We all know that more people need to get out of their cars and into public transportation, which not only is environmentally friendly, but also is the best way to deal with traffic and encourage economic development.
I am pleased to announce that this week we launched the first bus service of its kind in Maryland. We are calling it Flash and it will run north and south along Maryland Route 29—one our most congested traffic routes. This is the start of the Bus Rapid Transit (BRT) network I first proposed a dozen years ago, a network that will eventually connect the major commuting routes in the County.
For the eastern portion of our County, which is starting to see its economic possibilities with the FDA headquarters, the new Adventist Medical Center, the growth of White Oak and so much more, Flash will be a major contributor to what is ahead in its future.
When I proposed BRT, few people wanted to listen. But then our County put together a task force to study real transit—transit that would be reliable, easy to use and would take people where they needed to go—and people liked what they heard. It took a long time, but we finally got it started. It was exciting to see the unique 16 Flash buses roll out on their new routes. But this is just the start. We are also reviewing Flash routes for corridors such as Veirs Mill Road and Rockville Pike. BRT will not solve all of our traffic problems, but it can make a difference.
In my video this week, I talk about this service. You can also read the story about Flash in this newsletter to learn more about why this is different from our existing bus service.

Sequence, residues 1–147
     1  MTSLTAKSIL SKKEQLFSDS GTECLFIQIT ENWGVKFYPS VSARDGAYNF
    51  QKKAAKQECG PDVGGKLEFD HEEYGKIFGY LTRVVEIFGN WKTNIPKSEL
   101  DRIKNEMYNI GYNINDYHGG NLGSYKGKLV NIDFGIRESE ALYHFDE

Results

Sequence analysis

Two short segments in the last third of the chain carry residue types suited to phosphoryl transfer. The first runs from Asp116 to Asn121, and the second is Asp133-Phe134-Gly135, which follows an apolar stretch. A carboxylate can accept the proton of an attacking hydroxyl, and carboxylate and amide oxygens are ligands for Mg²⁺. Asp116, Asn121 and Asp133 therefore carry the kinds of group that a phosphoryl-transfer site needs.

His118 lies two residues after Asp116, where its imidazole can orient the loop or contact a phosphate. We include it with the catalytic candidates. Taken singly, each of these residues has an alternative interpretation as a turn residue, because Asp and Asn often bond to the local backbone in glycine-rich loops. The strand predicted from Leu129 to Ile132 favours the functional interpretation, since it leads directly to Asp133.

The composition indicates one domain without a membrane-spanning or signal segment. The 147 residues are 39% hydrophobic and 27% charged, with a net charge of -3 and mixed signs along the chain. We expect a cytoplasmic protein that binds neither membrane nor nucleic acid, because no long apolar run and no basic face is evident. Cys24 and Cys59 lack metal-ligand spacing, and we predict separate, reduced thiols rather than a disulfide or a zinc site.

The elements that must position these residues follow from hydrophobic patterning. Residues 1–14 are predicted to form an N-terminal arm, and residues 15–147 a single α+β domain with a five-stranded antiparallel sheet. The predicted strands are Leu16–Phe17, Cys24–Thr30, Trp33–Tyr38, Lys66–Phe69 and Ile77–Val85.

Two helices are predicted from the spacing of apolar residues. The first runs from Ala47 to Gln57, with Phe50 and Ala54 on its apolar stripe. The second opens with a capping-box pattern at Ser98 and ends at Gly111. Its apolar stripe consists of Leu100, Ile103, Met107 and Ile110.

Regarding the ongoing COVID-19 health crisis, we have begun seeing a slight uptick in the numbers and we are watching it very carefully. I know everyone is eager to continue reopening, but we will continue to watch the data and proceed with caution. You may have seen that this new uptick is happening across the country and the world. We are encouraging people to get tested, especially if you think you may have been exposed—and please continue to follow the safety guidelines to prevent the spread of this virus. Getting tested is easy and fast, and on the upcoming schedule, we have 49 test clinics scheduled—the most we have ever scheduled in an eight-day period. They are at various times and at locations across the County. Here is more information on where to get tested.
This week, some special individuals, a dedicated organization and an important national business that calls Montgomery County home were all honored at the annual Montgomery Serves Awards. In a normal year, they would have been honored at a major ceremony, and I would have loved to have been with them to celebrate, but we all know this is not a normal year, so they were honored in virtual ceremonies. Their contributions, however, have been just as monumental as ever.
The Montgomery Serves Awards represent the County’s highest honor for service and volunteerism. You can watch the ceremonies at bit.ly/Watch2020MSA.
Each of the honorees are models of what can be done to help and inspire others. They have been involved in projects that reach a cross-section of our County, ranging from making our neighborhoods stronger, preserving the history of our Black communities, inspiring our youth to become more involved, lifting up the arts and helping our homeless residents.
We are very proud of this year’s award winners, and we thank them for their work and their commitment to Montgomery County.